Holly, Jolly

snow-outside

Yesterday I needed a little attitude check. (Do you ever give yourself one of those?)

The way I was feeling was, “How am I supposed to do all of these Christmas-y things I want to do, when I can barely make it through a regular day?” Seriously, I give myself a high-five just for going to the grocery store with two kids. I immediately determined that a couple of people would be receiving gifts that were less time-intensive than what I originally planned.

Even after I removed some projects from my list, I still had no idea where I might find the time to do the other things. Tension started creeping in. Stress started robbing me of joy.

But then I remembered.

All of these Christmas things are optional. They are self-imposed, and I am doing them because I want to. If I can’t be happy about them, then I’m not going to do them. So I either need to cheer up or go back to normal days.

I decided to cheer up. (And surprisingly, my refreshed attitude helped me get moving.)

The days before Christmas are not about working under pressure, seeing how much you can wrap, deck, and bake, and then unveiling it all with a big “TA-DAA!” on Christmas Eve. It’s not a performance. Those Christmas preparations are part of the celebration, so enjoy them while you can. And let’s not get so wrapped up in the party planning that we forget who it’s for.

How do you make room for Christmas activities in addition to your regular life?
About Rachel

I write about practical tips that will help you simplify at home. Connect with me on Pinterest and Twitter.

Comments

  1. You have read my mind, Rachel! I have been trying to figure out the same thing today.

    The idea of filling out my Xmas cards has put me over the edge-because like you, I often feel like we’re in survival mode over here!

    I’m in need of an attitude adjustment as well.

    Jamie

    steadymom´s last post…Blogoversary Giveaway: Love & Tea Company

  2. Ah, thank you so much for the reminder. I love the part where what we do is self imposed, well, for the most part.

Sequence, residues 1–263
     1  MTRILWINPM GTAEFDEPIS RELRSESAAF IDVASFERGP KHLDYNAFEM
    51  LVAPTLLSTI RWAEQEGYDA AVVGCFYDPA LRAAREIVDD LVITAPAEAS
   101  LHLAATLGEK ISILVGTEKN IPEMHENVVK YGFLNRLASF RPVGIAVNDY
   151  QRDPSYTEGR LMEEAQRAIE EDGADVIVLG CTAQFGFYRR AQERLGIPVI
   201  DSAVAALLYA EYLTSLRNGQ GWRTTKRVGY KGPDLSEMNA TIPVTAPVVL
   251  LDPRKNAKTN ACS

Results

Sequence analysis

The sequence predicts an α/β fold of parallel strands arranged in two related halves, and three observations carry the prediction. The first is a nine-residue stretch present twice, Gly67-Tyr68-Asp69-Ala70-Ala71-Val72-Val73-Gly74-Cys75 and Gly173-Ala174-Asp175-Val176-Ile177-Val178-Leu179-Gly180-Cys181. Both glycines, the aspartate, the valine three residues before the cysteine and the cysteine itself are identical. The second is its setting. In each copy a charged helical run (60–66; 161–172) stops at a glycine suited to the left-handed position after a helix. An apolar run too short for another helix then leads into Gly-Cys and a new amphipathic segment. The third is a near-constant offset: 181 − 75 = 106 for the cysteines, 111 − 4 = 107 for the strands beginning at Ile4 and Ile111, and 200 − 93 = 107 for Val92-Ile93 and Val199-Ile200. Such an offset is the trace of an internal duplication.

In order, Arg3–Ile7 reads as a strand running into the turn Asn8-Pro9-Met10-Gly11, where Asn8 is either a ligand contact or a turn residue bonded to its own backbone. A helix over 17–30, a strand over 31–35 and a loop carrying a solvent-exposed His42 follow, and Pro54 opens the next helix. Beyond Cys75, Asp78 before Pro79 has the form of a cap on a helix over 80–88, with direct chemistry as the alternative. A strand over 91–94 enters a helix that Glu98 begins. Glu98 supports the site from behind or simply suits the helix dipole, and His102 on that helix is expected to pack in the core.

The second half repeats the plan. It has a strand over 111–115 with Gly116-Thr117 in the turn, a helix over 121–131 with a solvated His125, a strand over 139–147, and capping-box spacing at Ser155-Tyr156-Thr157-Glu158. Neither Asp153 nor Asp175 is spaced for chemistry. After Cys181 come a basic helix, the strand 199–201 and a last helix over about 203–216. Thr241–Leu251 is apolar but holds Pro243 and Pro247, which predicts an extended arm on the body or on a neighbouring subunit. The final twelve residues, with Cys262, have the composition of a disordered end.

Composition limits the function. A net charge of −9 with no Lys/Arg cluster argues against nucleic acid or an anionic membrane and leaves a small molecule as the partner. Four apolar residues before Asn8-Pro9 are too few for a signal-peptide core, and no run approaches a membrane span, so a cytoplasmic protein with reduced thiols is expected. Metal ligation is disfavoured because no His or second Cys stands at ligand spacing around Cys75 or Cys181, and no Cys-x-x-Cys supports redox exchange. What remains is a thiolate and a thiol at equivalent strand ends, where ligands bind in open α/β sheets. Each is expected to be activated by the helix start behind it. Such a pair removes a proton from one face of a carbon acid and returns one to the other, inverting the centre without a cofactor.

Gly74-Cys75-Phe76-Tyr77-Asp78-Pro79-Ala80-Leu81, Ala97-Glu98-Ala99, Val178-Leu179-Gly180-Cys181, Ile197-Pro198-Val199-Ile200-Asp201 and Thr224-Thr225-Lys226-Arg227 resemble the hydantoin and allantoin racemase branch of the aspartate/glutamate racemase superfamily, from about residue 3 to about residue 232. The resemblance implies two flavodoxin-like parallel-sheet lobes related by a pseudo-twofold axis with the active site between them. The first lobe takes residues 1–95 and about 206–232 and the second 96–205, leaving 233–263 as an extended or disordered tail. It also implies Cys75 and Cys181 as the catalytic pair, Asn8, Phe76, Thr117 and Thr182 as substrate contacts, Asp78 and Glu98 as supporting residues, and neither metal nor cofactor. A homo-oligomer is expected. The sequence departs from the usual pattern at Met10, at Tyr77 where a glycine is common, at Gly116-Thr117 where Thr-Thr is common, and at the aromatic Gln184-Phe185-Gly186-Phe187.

I’m laying low this year, with fewer decorations, fewer presents and hopefully less stress!

    Sharon´s last post…Couponing, revisited.

  3. We decided not to do Christmas presents at all. My baby is young enough not to know the difference and I’m not sure I even care what everyone else thinks. This is the biggest stress relief ever!!!

    Tara´s last post…Urban Knitters

  4. Wow! I don’t even have children and I feel overwhelmed with Christmas. We decorated our home early this year just so we could enjoy it and not feel rushed. I don’t feel like shopping for gifts at all or baking or any of that! I love Christmas but just not the “have to’s” that come along with it…

    anne´s last post…What do they think?

  5. I think the extra stuff is hardest for you moms with small children, esp. if you have several children.
    I also think our culture rushes Christmas – when I was young, most people did not even put up their tree until the week of Christmas and all the extra decorations that so many people do now, hardly anyone did that.

    Just do what you can – and pick out the traditions that give you joy and let the rest of it slide.

    Rhonda in OK´s last post…Giveaway for the start of this blog, my next big project and a gift idea

  6. My 6 yr old daughter plays Tiny Tim in her class play “A Christmas Carole” and she sings:

    “Oh, what a day! I don’t care if its gray if it’s Christmas together.
    People will say we’re the luckiest family in town…

    Even the poorest are rich in love, and love is so easy to do.
    So celebrate Christmas for all that its worth.”

    Her song reminds me of the importance of Christmas–togetherness–and it makes me smile. :)

    p.s. I’ll be bawling at the show next week! Whaaa! P)

  7. Tree Huggie says:

    After focusing some of our beliefs towards Buddist thought we decided that the holidays had become far too commercial and impart the wrong values. We decided that if it was not something we enjoyed we would stop the excessive consumption, save the earth a bit, and lower our stress. We spend a relaxed day having whatever special treat food we feel like, usually deciding last minute, enjoy each other’s companionship, and do fun things around the house that we never have time for. We never have holiday ‘drama’ and no one is upset to miss out on the latest gadget that was sold out and will be forgotten in 2 weeks. If we had kids we’d celebrate but on a small scale.

    • I agree with Tree Huggie and Holly. I have dropped the usual ‘run around headless like chicken’ routine this year and suddenly find all the preparations I read constantly about, ‘alien’. The tree is not even going up and will remain in storage (and thats one less stress;)) We are back to single income and I guess thats one great impetus to let go of the frills (usually unnecessary). I am trying hard to figure how to get my 3 young darlings internalise that Xmas is more than just receiving gifts- its as much as about giving to others. We will soak in the holiday mood outside home- where there are plenty festive atmosphere. YES, it does feel very liberating not to keep up with obligations.